29 January 2017



This is a rather spectacularly violent Japanese film, and I've certainly seen my share of violent Japanese films. The weird thing is, however, that it's not the Yakuza or other criminals perpetrating said violence, but a couple of little squirts of schoolboys who should have been apprehended and stuck in Juvy before their whole crime spree had time to get fully underway. You're probably completely lost by now, haha, so let me start at the place at which I normally prefer to commence... the beginning...

The thing is this. Taira and Shoto Ashihara are two teenage boys living by themselves in the little Japanese seaside town of Mitsuhama. Their parents are no longer around. There's an old man called Kazuo, who lives and works locally, who throws the occasional paternal eye over the lads, but I think you'll agree that there's no substitute for close parental supervision, something the two brothers are desperately lacking.

Shoto, the younger brother, seems to be a nice, normal enough young fellow. All he wants to do on his spring break is to hang out with his friends and go skateboarding. Taira, however, is a completely different kettle of fish. On the face of it, he seems to be a total head-case. A nutter. A wack-job or whatever way you care to put it. He has a most unusual and anti-social way of expressing his feelings. You want to hear about it? 'Course you do. Read on, Macduff...!

Taira likes to creep up on random strangers on the street and beat the living shit out of them. It's never explained why he does this, but it doesn't take a Freud to work out that it's his way of reacting to his family situation and the loss/lack of his parents, both their presence and their love. Some kids self-harm with knives or scissors, others severely regulate their intake of food, and maybe some kids act out violently, as Taira is doing.

He's got no fear, this crazy kid. He takes on bigger men than himself, or small groups of men, or obvious criminals to whom ordinary people would give a wide berth. He doesn't even seem to mind being hit back, in fact, he positively appears to relish it. A psychologist might say that Taira only feels alive when he's hitting or being hit in return. Certainly he seems to live for fighting.

Along the way, Taira attracts a hanger-on, top-knotted schoolboy Yuya who tells his idol Taira that he's always wanted to 'hit a girl, real hard.' What a winner, eh? Obviously one of life's high achievers.

During a crime-spree filmed by himself and others, Yuya gets his wish and social media is suddenly hopping with videos of Taira and Yuya running amok in a crowded mall. Escaping in a stolen car with a hostage, the beautiful hostess (prostitute?) Nana, the two thugs haven't a prayer. Or have they...?

Violence is despicable no matter who's doing it to whom, but at least Taira only picks on men, who actually have a chance of defending themselves. Yuya, however, is a cowardly little brat whose assaults on middle-aged women and innocent schoolgirls are, quite frankly, the lowest of the low.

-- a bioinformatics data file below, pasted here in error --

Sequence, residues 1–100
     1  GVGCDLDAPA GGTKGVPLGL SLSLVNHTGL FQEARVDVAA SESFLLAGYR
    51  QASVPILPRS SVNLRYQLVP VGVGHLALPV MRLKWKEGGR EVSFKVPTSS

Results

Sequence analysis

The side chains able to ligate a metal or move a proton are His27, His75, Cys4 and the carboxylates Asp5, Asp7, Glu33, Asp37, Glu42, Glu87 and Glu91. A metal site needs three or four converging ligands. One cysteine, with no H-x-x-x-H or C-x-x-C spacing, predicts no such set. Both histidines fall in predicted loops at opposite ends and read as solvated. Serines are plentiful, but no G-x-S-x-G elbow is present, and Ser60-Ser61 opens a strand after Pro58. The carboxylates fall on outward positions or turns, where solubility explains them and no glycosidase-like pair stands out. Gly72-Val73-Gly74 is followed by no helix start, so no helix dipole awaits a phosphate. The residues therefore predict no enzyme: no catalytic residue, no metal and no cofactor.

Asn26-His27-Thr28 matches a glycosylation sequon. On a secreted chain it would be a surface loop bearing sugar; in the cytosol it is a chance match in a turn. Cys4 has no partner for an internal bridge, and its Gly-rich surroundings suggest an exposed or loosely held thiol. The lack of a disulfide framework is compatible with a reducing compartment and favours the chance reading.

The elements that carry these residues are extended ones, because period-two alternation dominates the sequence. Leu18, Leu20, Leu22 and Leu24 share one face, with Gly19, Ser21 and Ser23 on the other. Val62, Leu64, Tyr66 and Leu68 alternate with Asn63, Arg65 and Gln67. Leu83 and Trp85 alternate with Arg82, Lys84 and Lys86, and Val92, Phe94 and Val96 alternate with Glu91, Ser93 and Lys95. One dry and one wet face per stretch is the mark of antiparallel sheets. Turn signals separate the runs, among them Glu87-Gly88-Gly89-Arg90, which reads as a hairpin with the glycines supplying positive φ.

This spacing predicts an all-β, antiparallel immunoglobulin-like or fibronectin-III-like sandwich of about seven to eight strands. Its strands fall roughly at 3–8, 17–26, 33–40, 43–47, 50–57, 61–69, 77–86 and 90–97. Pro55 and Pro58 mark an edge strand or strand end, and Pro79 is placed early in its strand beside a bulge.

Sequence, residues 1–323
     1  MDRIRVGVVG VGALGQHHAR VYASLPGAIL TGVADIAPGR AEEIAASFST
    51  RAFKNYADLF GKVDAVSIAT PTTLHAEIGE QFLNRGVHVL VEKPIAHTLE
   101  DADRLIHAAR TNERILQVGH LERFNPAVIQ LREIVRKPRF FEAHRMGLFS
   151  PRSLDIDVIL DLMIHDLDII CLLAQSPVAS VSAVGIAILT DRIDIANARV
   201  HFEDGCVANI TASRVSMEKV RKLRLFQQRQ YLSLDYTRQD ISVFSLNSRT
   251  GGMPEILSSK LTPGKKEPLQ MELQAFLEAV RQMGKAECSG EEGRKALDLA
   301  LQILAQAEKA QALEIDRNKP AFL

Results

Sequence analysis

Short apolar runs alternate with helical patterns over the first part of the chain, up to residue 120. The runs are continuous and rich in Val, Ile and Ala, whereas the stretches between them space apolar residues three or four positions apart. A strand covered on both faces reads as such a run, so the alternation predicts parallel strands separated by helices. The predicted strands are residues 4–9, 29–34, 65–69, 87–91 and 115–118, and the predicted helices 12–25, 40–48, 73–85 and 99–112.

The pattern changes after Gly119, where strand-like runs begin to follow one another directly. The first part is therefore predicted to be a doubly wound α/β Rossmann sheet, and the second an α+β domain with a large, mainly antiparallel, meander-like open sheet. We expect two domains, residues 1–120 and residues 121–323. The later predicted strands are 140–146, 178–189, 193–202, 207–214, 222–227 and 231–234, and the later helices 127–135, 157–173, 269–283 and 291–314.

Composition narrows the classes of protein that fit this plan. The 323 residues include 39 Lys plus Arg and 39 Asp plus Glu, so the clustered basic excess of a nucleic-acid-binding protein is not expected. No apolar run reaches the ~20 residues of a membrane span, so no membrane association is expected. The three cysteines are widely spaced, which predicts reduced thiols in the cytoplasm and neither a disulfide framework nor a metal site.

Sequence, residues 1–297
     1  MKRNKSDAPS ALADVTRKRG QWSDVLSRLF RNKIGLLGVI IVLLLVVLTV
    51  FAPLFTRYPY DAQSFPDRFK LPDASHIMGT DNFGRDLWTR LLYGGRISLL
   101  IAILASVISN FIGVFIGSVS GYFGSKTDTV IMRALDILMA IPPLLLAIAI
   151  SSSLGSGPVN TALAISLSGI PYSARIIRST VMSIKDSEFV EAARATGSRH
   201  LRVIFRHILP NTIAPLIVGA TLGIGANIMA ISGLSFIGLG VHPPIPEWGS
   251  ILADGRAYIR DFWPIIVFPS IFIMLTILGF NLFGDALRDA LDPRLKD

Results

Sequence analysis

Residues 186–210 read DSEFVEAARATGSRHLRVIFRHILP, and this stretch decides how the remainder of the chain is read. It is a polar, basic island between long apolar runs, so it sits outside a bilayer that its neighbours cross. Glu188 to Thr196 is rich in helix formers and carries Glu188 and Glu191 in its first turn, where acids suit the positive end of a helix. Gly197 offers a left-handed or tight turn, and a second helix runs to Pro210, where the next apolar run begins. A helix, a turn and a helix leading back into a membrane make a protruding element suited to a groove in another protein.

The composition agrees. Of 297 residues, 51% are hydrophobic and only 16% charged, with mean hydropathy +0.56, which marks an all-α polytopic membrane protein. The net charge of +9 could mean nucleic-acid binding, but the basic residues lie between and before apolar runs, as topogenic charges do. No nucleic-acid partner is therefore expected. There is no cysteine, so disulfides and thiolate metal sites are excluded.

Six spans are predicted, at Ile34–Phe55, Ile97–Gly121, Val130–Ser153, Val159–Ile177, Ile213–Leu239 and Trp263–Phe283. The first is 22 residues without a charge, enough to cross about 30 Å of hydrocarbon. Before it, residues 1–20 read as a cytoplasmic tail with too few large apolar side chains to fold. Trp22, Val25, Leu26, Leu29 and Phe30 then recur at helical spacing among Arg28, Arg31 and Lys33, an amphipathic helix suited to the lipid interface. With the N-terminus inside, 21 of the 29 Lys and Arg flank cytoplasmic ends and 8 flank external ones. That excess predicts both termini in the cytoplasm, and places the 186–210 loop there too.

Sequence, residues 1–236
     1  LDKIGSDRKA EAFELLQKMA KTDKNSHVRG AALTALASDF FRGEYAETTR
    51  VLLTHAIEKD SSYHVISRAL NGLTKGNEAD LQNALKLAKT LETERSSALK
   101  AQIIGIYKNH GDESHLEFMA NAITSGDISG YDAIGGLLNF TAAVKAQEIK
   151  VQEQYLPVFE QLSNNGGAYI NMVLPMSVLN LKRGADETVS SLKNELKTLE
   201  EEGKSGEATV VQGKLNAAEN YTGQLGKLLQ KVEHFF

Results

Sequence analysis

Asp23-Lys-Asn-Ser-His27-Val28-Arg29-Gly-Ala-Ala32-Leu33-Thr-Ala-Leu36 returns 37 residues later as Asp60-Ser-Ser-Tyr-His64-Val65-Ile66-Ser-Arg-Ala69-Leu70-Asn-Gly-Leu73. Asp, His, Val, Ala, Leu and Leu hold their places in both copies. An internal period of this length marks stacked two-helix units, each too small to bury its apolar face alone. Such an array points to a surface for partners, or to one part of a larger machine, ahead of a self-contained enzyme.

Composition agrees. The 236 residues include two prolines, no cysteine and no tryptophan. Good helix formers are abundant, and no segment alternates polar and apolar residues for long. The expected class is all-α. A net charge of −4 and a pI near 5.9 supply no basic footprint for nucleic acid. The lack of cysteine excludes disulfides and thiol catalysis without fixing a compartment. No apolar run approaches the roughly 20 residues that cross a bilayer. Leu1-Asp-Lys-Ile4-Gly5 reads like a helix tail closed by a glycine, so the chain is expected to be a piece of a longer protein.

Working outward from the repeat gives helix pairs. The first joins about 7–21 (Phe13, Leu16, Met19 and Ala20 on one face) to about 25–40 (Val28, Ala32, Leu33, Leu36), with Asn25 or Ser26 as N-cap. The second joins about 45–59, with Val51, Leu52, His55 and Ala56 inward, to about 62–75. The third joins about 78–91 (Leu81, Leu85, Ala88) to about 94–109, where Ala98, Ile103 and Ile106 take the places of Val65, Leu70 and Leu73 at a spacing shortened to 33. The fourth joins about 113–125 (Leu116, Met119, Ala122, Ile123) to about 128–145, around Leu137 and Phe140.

Someone needs to haul that kid's scrawny ass to Juvy, as I said at the outset, where kids bigger and tougher than himself will slap the nonsense out of him. How will he fare with hostess Nana, who surely will not be happy about being shoved in the trunk of a car by the odious little squirt? We'll see, and in the meantime poor little Shoto is worried sick about his troubled older brother and sets out to find him, but will it be already too late...?

This disturbing film is spot-on and up-to-the-minute in the way it portrays violence as the newest form of entertainment on social media. It also succeeds in the way it shows that people witnessing a crime spree or criminal act taking place before their very eyes are just as likely to start filming it and uploading it to Facebook or Twitter as they are to attempt to intervene. Like it or hate it, it's the age we live in, folks.

Described as 'the most extreme 108 minutes in Japanese cinema history,' DESTRUCTION
BABIES will be in selected UK cinemas from February 3rd, 2017. If you miss it there, make sure you grab a copy when it comes out on home entertainment release courtesy of the excellent THIRD WINDOW FILMS, who've brought us some marvellous stuff in the past.

It's not a feel-good film by any stretch of the imagination, but I think it's an important one. It captures the angst of the upcoming teenage generation to perfection and all the social media references are bang on the money. It's a film for the modern generation, of which we're all a part. Let's not get left behind...


Sandra Harris is a Dublin-based novelist, film blogger and movie reviewer. She has studied Creative Writing and Film-Making. She has published a number of e-books on the following topics: horror film reviews, multi-genre film reviews, womens' fiction, erotic fiction, erotic horror fiction and erotic poetry. Several new books are currently in the pipeline. You can browse or buy any of Sandra's books by following the link below straight to her Amazon Author Page:


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